As Malaysia works to improve palm oil industry practices, from developing biogas facilities and finding new uses for oil palm biomass, environmental activists continue to pressure our industry to conform to misguided constraints on our operations.
This is nothing new – Malaysia has been forced to defend against campaigns by competing market providers of oils ever since we began to challenge the supremacy of Western vegetable oil producers. As a result, soybean producers in the Americas and rapeseed producers in Europe and Canada have for decades been forced to compete with a more efficient, high-yielding and low-cost vegetable oil.
Recently, anti-palm oil activists have taken their efforts to an even more bizarre level – claiming that palm oil should not be contained in Kosher food and arguing that the crop somehow defies Jewish values.
But in an excellent article by Dr Jeffrey Stier of the National Center for Public Policy Research in the US, Dr Stier illustrates how it is the environmental activists who should have greater concern with the impact of their campaigns. Considering the question of sustainability from the standpoint of Kosher laws (which align closely with laws governing Halal foods), Dr Stier warns against misrepresentations of the industry, and that the Kosher distinction should not be allowed to be overtaken by environmental campaigners.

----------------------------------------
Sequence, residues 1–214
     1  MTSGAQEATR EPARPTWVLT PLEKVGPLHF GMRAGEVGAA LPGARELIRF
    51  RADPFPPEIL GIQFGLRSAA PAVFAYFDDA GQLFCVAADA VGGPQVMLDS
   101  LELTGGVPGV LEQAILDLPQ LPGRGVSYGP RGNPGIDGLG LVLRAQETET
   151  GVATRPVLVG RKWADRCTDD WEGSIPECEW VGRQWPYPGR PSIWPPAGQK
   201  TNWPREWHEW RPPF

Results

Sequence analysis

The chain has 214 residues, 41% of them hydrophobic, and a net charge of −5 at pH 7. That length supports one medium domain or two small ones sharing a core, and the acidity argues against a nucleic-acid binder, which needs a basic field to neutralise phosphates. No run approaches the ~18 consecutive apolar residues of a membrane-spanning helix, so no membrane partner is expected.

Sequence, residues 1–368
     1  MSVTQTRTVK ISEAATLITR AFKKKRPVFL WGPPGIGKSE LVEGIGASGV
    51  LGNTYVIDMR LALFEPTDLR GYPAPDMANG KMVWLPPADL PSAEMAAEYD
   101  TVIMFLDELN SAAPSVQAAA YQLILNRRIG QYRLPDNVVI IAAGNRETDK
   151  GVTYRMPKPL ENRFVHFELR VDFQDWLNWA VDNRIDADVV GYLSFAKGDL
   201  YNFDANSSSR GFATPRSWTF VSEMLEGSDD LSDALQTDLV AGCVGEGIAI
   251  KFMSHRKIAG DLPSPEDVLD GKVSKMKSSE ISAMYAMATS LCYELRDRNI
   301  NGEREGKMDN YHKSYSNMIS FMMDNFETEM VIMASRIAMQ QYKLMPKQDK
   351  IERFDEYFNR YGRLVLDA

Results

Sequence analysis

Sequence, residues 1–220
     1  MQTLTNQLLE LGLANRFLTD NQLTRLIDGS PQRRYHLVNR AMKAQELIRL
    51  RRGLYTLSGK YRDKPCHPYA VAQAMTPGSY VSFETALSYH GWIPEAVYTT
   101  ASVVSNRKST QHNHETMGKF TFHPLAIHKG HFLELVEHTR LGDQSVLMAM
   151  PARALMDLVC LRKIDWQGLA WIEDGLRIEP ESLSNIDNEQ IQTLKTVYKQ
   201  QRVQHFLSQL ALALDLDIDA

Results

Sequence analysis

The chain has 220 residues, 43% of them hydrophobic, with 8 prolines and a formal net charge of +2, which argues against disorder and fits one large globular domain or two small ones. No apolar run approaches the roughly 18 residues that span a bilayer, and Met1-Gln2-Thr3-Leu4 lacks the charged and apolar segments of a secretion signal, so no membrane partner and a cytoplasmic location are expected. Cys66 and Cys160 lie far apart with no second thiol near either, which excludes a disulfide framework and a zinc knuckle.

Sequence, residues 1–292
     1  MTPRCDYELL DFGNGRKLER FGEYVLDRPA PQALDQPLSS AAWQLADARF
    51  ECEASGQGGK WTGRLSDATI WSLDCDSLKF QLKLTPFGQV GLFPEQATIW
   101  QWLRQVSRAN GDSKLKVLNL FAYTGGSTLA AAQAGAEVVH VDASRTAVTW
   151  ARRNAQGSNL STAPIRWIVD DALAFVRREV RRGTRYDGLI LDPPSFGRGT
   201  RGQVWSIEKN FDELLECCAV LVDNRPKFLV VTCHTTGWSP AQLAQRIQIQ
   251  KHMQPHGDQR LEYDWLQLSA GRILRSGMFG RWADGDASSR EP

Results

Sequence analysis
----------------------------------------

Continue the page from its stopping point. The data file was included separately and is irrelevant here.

Green groups have been speaking ill of palm oil farmers and producers for years, claiming they put profits ahead of people and planet, and it would be unwise for Jewish leaders to begin parroting these claims. In addition, Jews should never interfere with one’s ability to earn an honest living. The palm oil industry enables some of the most impoverished people on the planet to earn an honest and living wage. This is no small thing in a world where billions of people continue to live on a dollar a day.
Rather than attacking the palm oil industry, environmental activists would be well served to consider the impact of their misguided attacks and distortions on the people who rely on our industry for food and employment. After all, activists are only visitors – it is our citizens who know what is best for their communities and Malaysia’s future.